Sunday, July 15, 2018

Printing Death in 3D

I generally don't write about politics here; after all, this blog is supposed to be a discussion about technology and writing. But sometimes technology and politics overlap, as in this case.

In Ch. 8 of Leveling the Playing Field (which I'm sure you've all read!), I talked about the advent of 3D printing and how it has changed manufacturing, mostly for the better. But not always for the better. One significant worry I had (and have) about 3D printing is that it can enable the proliferation of homemade weaponry, including very accurate reproductions of weapons such as the venerable 1911 semiautomatic pistol and the AR-15-type rifles that have been used in so many mass shootings over the past few years.

Now, I own weapons. I like to think of myself as one of those "responsible gun owners" we hear about. I own guns for sport, for protection, and for hunting. But I don’t believe that just anyone should be able to own just any gun, nor do I think there is anything wrong with having to pass background checks in order to purchase a weapon or being required to register many types of firearms. I'm not anti-gun; I'm anti-idiot.

Lesley is not a big gun person, but she has gone shooting with
me a couple of times. Naturally, it turns out that she's an
excellent shot.
Of course, what I think doesn't matter much, and just how little it matters was brought home to me a couple of weeks ago when the Department of Justice surrendered to a "First Amendment" argument that a 3D data file representing a weapon was in fact protected free speech and could be hosted on (and downloaded from) a public-facing website. (The suit was filed by Cody Wilson, the inventor of the Liberator 3D-printed pistol about which I wrote in the book.) After a long, drawn-out court case, it appears that the DOJ has quietly settled with Wilson, whose stated goal has been to moot the gun control debate by showing that it can't be controlled. In the words of a recent Wired Magazine article, the DOJ promised to:

…change the export control rules surrounding any firearm below .50 caliber—with a few exceptions like fully automatic weapons and rare gun designs that use caseless ammunition—and move their regulation to the Commerce Department, which won't try to police technical data about the guns posted on the public internet.

Basically, this means that Wilson and his supporters have won the war. They've successfully blurred the line between the First and Second Amendments, guaranteeing that anyone can design and/or download-3D printer-compatible plans to just about any firearm. And, as any hacked corporation or repressive government can tell you, it's very, very difficult to police digital data. Even if you wanted to hide it (which Wilson and his allies do not), the data would get out; after all, it's just information. And these days, information (and misinformation) is pretty much everywhere.

It doesn't look like much, but this is a mockup of The Liberator,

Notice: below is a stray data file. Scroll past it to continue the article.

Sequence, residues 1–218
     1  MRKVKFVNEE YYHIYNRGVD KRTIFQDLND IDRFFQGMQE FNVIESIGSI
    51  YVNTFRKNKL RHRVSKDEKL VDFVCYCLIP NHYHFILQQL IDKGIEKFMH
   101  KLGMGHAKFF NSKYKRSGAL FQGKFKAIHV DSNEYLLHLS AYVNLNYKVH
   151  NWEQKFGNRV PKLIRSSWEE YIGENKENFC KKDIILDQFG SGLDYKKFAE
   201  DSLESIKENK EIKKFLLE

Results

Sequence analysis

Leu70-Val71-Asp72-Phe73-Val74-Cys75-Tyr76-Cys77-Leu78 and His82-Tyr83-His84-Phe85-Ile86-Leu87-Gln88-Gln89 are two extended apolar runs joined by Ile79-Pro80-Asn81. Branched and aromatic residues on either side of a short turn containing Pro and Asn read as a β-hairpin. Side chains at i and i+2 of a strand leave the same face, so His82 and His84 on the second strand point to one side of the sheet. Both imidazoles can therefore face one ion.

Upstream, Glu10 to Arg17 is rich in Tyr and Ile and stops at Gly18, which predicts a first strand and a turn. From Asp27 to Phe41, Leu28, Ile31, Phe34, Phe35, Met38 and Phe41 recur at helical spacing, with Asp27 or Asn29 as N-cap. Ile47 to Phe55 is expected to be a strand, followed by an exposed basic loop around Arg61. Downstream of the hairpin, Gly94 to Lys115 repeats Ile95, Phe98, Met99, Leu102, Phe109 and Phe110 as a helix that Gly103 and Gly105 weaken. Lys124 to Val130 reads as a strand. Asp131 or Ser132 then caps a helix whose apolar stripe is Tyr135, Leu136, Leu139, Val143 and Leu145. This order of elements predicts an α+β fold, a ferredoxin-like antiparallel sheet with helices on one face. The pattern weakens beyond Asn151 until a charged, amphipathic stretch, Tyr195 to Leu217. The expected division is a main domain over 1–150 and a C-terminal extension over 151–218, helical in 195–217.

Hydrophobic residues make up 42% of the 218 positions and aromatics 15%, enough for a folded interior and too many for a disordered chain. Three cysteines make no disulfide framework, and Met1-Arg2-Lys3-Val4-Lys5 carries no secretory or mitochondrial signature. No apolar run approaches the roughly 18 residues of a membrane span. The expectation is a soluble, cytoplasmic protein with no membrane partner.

possibly the first functional 3D printed handgun. Posting the
data file for this gun online is what got Cody Wilson embroiled
in a years-long lawsuit. The DOJ finally capitulated just weeks
ago. Image used under the Creative Commons Attribution-
Share Alike 3.0 Unported license.
I don't really worry much about Wilson himself. He's an intelligent and seemingly stable young man, just one with whom I disagree politically. I'm not worried that he's about to snap and become a mass murderer. But I wonder how many mass murderers he's about to enable. Even one would be too many, I would think.

Some have drawn an analogy to an automobile--another tool that kills many thousands every year, pointing out that it is possible to build a motorized vehicle. But there are differences. The purpose of an automobile is not to kill people, of course. Like a hammer or other tool, it can be used to hurt people, but that's a misapplication of the tool, not its purpose. And it's certainly true that I could collect or (even build) parts and create a car. (Well, in my case, I'd have to make a few phone calls to my friend George Kelley, if I wanted the car to actually run.) But look what happens when I'm finished building this car, this tool capable of killing thousands every year: I'd have to license and register it. And I would myself have to be tested and licensed if I wanted to use the car.

This is Jeff Sessions. As US Attorney General, he is the
man in charge of the Department of Justice, the
cabinet department that just settled a lawsuit with Cody
Wilson that will result in the widespread proliferation
of 3D-printed weaponry. Image in the public domain.
I'm fine with having to register my car and license its driver. I'm also fine with having to register certain firearms and with having to license their users. But this technology—and the DOJ's capitulation to Wilson and the other plaintiffs—will make it very difficult to police the proliferation of this weaponry. Even if the authorities were to confiscate my weapon on some grounds (perhaps I'm a felon, perhaps I violated a restraining order, perhaps I've shown myself to have anger issues and have committed assaults), I could simply go home and (assuming I own the proper equipment), press a button, and go have dinner. By the time I'm finished with my after-dinner port (not that I would drink port—who the hell drinks port?!), I'd have a nice shiny new .45 pistol or an AR-15 receiver sitting in my printer.

And if I could do that, what could an angry ex-husband or wife do? What could a gang or a cartel do?

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